The Ins & Outs of Interning

Seniors work at Community America for summer internship


Ayesha Khan, Editor in Chief

Returning Blue Valley High School students may remember receiving an email in their canvas inboxes Spring of 2022 regarding a paid internship program through the Kauffman Foundation called Pro X. The students who applied, interviewed, and received a position in this program were paired with an employer in the area that appealed to their interests. Among the students that landed this opportunity were seniors Max Rudman and Shivam Patel. 

“The internship was through Pro X and I worked with Community America, which is a credit union,” Patel said. “It lasted five weeks, we had to work 25 hours a week, and got paid $1,250 at the end.”

The overarching objective with the Community America internship was to spread financial literacy within the high school age group. 

“Financial literacy is your basic understanding of finance that you’re going to need as an adult, or even right now,” Patel said. “[It’s] understanding how to budget your money — like how much you should save, how much you should invest, how much you should spend, and understanding how you can set yourself up for success in the real world right now.”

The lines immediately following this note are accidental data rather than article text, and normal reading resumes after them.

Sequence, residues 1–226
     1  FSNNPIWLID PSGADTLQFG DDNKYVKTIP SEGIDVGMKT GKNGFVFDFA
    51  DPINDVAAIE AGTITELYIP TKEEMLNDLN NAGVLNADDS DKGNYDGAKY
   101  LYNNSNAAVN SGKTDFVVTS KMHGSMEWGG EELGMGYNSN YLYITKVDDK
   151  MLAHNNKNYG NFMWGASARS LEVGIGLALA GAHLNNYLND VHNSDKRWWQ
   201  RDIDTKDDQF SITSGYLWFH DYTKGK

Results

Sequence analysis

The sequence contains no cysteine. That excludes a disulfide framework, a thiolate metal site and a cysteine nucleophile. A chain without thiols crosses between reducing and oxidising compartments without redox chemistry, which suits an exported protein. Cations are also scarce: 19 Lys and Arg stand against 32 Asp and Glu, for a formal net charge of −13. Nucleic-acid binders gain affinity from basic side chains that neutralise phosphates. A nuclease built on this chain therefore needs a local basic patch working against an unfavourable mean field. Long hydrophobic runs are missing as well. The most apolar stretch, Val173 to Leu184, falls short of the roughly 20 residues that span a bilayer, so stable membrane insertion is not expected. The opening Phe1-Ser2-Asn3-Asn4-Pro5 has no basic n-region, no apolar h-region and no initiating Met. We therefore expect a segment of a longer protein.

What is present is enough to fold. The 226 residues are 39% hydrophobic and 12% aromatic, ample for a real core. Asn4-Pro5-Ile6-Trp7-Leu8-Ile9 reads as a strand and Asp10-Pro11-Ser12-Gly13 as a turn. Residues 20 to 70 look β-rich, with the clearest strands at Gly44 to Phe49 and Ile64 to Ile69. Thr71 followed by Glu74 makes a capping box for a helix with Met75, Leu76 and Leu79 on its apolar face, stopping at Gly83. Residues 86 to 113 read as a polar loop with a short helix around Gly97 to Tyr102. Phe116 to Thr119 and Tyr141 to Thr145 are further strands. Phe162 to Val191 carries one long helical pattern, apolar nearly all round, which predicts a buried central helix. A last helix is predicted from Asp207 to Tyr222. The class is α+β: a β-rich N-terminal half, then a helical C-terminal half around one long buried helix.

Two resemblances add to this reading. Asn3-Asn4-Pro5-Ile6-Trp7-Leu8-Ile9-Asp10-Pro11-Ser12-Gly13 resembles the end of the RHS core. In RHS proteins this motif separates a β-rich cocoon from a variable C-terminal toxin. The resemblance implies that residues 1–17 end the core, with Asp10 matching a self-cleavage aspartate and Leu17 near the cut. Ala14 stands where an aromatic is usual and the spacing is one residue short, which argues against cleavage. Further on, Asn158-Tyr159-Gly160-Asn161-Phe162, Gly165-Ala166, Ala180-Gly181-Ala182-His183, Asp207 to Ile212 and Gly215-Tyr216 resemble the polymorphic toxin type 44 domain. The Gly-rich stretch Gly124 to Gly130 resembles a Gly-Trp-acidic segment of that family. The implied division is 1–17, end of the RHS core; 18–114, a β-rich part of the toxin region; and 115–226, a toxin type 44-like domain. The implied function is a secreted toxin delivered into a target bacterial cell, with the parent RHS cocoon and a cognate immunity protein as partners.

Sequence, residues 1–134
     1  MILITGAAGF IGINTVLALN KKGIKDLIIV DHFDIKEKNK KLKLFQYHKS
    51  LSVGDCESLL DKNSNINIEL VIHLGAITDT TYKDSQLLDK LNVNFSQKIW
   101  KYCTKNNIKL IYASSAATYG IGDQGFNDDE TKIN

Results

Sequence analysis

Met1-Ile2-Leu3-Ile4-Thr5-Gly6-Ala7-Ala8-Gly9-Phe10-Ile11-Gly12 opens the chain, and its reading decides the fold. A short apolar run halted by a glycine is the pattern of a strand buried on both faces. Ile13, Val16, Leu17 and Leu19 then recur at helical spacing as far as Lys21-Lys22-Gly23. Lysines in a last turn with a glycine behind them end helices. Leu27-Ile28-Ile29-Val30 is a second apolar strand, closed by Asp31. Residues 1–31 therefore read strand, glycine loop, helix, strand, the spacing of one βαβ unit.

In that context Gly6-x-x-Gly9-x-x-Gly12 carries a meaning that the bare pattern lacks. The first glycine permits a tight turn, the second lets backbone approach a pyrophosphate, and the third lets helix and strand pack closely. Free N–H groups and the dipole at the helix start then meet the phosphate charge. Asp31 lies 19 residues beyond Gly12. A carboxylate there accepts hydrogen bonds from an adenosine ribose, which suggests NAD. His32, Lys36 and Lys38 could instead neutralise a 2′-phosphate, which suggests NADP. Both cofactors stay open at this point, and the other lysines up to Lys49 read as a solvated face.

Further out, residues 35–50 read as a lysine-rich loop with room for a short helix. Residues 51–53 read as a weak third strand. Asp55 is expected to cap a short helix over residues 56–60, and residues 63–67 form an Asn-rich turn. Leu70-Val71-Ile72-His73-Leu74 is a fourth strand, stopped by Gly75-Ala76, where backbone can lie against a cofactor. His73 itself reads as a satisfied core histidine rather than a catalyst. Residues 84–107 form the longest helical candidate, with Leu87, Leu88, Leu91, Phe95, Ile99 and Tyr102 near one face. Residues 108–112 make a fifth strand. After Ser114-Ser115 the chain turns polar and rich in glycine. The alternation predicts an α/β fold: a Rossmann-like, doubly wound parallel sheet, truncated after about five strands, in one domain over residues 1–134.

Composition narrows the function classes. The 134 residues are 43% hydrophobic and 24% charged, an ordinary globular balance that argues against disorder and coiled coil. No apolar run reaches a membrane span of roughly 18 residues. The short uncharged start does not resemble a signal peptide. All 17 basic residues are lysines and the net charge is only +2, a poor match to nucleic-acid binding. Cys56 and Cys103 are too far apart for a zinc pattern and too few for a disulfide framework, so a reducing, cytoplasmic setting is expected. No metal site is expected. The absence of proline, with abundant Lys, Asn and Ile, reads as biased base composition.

Although Rudman and Patel were both interning for Community America, the company divided its 14 interns into two separate groups based on their interests.

“We had a social media team and we had a team that was focused on financial literacy program,” Rudman said. “Then from there, we just worked in our individual groups and came up with a pitch for each team.”

These teams were specified as the advertising team and the game team. Patel, as a member of the game team, worked to create a product that educated people on financial literacy.

“The game team basically ran a session every Monday where we had a trivia game and people would get prizes, like $10 gift cards, if they got the answer right,” Patel said. “There’s also a website which has the game on it. If you’re making a checking account, there’s a game you can play which will also teach you more about managing your money.”

Rudman, who was on the advertising team, promoted educational content about financial literacy while also developing a pitch to a hypothetical investor about why they should give a grant to his group’s project.

“I started off with assignments where they would say ‘Do these interviews, talk to these people, look at this website, write this summary, etc,” Rudman said. “After that, it very quickly turned — I’d say by week two — [into] doing a lot of work where they would just say go off [and] log what you did. It could literally be me looking at other accounts, like other businesses Tik Tok’s, it could be me making content in my room — 

it could be really anything, just however I can best give them the product.” 

As members of different teams, the two each had their own hybrid schedule. However, every Monday from 8:30 a.m. to 12:30 p.m., all of the interns working with Pro-X gathered for a main session.